One protester, Matt Sky, 27, told The New York Times the demonstration against corporate greed was necessary to show the movement's vibrancy.
"Everything about this movement is momentum," Sky said. "We need to show people that we are still relevant."
In Des Moines, Iowa, Occupy protesters established an around-the-clock presence outside President Barack Obama's re-election campaign offices. They hung a sign on the door reading "Obama's former headquarters."
"It started this morning when we came to air our grievances to the president and he locked us out," protester Frank Cordaro told The Des Moines Register. "We decided this is no time to give up this space.
"People are committed to staying 24/7, now we have to figure out how we can sustain it, support them and prepare for a course of reaction of the authorities if they should come and arrest us."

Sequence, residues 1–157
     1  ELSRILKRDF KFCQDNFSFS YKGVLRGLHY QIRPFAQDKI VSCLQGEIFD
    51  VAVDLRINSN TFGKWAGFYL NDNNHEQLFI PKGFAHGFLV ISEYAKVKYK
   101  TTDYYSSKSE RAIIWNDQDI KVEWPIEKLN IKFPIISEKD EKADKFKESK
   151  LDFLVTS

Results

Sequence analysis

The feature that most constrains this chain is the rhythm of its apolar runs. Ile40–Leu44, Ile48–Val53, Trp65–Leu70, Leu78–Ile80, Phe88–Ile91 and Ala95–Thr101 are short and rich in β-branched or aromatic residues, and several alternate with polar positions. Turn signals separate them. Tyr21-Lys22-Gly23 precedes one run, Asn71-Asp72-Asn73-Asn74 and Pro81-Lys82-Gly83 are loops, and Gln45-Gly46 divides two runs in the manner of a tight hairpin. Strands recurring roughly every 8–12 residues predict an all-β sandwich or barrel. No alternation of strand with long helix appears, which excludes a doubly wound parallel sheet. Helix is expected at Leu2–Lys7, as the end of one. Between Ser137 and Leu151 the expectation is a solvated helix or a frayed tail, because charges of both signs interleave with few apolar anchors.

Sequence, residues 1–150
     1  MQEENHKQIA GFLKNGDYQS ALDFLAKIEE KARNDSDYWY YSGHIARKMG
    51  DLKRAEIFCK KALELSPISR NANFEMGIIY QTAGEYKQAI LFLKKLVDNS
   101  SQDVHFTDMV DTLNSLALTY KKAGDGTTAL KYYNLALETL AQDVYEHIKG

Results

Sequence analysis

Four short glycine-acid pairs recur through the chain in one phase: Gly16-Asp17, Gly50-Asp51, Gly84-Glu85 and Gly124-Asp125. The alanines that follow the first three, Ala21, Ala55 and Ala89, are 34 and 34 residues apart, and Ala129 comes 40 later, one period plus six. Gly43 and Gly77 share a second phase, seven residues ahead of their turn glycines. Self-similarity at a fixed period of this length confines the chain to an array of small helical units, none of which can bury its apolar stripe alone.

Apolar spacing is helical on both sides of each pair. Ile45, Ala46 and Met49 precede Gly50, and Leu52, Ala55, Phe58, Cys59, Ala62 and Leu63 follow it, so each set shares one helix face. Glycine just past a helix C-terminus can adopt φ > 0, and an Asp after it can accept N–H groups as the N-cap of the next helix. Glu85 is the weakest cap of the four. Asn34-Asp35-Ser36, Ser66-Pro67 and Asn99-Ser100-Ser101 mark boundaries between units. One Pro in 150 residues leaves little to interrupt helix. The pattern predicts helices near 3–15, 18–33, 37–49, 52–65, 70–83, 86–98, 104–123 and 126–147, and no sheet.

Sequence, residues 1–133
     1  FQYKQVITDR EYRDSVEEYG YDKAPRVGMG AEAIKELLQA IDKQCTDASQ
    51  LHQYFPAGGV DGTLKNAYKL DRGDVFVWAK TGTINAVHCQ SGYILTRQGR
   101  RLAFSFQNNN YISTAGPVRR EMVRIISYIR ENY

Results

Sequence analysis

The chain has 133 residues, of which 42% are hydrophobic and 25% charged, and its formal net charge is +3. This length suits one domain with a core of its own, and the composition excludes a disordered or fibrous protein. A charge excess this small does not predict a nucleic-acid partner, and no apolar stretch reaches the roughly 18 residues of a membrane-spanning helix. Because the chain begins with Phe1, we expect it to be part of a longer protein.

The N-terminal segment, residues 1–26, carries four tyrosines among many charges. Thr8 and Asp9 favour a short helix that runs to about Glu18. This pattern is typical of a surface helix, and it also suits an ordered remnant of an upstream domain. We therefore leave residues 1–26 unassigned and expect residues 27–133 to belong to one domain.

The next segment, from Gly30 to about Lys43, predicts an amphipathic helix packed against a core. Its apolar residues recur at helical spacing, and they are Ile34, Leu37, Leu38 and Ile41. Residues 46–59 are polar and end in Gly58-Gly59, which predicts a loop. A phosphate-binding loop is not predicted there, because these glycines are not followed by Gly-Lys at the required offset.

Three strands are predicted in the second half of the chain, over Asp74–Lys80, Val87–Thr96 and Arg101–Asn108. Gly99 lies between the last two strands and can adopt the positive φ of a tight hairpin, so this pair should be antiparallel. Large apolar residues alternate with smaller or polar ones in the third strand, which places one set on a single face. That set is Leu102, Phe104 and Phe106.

The newspaper said Obama campaign officials could not be reached for comment.
Some of the New York protesters used a ladder to scale a chain-link fence to gain access to Trinity Episcopal Church's property, while others lifted the fence from the bottom so others could scoot underneath it.
The protesters were joined by a few clerics, including Bishop George Packard.
Police quickly moved in to start making arrests.
The church's rector, the Rev. James H. Cooper, said while the church supports the protesters' call for social and economic justice, "We do not, however, believe that erecting a tent city at Duarte Square enhances their mission or ours."